Recognizing when a senior loved one might be ready for dementia care can be difficult on many levels, but a recent article in the New York Times shows that, often, financial competency is the first thing to slip.
You may still be a long way from looking into dementia care or Alzheimer’s facilities for your loved one, but that doesn’t mean that some of the signs aren’t there. For someone who is starting to show signs of dementia—even the very earliest stages—simple financial tasks they’ve done for years may become more and more difficult.
Signs of financial difficulties:
• Taking longer to complete simple tasks like paying bills
• Declining math abilities, like having trouble calculating the tip in a restaurant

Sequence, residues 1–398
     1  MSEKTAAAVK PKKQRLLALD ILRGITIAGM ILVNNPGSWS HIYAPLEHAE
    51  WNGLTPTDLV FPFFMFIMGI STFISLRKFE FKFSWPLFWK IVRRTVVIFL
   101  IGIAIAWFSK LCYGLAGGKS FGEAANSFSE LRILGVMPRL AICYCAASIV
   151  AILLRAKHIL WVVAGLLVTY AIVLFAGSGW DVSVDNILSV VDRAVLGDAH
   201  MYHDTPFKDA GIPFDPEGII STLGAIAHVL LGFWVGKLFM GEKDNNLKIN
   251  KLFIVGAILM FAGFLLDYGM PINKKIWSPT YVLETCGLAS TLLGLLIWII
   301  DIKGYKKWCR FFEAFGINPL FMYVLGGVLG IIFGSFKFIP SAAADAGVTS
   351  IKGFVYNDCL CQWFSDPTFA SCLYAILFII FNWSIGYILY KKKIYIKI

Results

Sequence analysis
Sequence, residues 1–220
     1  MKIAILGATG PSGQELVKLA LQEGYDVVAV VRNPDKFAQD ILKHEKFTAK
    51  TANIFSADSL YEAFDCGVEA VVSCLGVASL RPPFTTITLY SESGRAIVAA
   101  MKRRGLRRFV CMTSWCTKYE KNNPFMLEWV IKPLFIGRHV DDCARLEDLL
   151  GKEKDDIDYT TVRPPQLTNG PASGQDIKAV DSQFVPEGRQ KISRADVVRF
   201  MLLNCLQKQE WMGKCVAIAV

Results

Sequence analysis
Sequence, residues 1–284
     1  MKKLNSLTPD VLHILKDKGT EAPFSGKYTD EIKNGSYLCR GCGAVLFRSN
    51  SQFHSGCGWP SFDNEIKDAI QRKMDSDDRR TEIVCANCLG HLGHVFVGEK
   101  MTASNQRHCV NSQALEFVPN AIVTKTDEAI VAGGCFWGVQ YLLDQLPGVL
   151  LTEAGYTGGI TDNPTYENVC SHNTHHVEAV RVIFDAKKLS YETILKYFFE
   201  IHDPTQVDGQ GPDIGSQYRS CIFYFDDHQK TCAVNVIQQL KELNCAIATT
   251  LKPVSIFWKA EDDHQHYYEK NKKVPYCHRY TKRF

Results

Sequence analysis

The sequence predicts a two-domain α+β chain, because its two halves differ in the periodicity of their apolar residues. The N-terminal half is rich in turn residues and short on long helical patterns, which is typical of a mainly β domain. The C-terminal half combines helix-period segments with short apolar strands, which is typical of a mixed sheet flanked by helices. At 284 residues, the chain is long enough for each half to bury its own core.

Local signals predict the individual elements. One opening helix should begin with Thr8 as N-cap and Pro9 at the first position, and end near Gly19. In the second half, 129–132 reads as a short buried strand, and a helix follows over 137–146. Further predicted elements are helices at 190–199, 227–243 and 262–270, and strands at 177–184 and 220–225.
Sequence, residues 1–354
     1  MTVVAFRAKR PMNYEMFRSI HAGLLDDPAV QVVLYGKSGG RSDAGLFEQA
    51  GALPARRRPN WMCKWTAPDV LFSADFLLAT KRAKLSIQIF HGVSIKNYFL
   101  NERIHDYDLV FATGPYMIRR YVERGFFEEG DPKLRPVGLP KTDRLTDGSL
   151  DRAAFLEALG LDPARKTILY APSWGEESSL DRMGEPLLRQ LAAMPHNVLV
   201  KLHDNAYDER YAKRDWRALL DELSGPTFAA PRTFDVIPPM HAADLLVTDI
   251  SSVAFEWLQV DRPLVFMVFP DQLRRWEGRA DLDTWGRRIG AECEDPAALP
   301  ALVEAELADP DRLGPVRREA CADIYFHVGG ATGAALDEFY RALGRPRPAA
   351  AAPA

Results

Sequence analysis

• Difficulty discerning between legitimate financial inquiries and potential fraud threats
• Confusion over simple financial documents like bank statements or bills
• Not understanding simple financial concepts like deductibles or interest rates
Identifying these issues early on can help you step in and avoid major financial issues later on. Seniors are known targets for financial scams, and if your loved ones aren’t as sharp on the financial issues as they used to be, they could be even bigger targets. Even if fraud isn’t involved, mismanagement of money later in life can have huge consequences.
These early signs do not mean that your loved one immediately needs dementia care, but it is a good indicator that this is something you need to start thinking about. To help identify what you need to look for in dementia care or Alzheimer’s facilities for your loved one, visit our tip sheet on What to Look for When Choosing a Memory Support Program.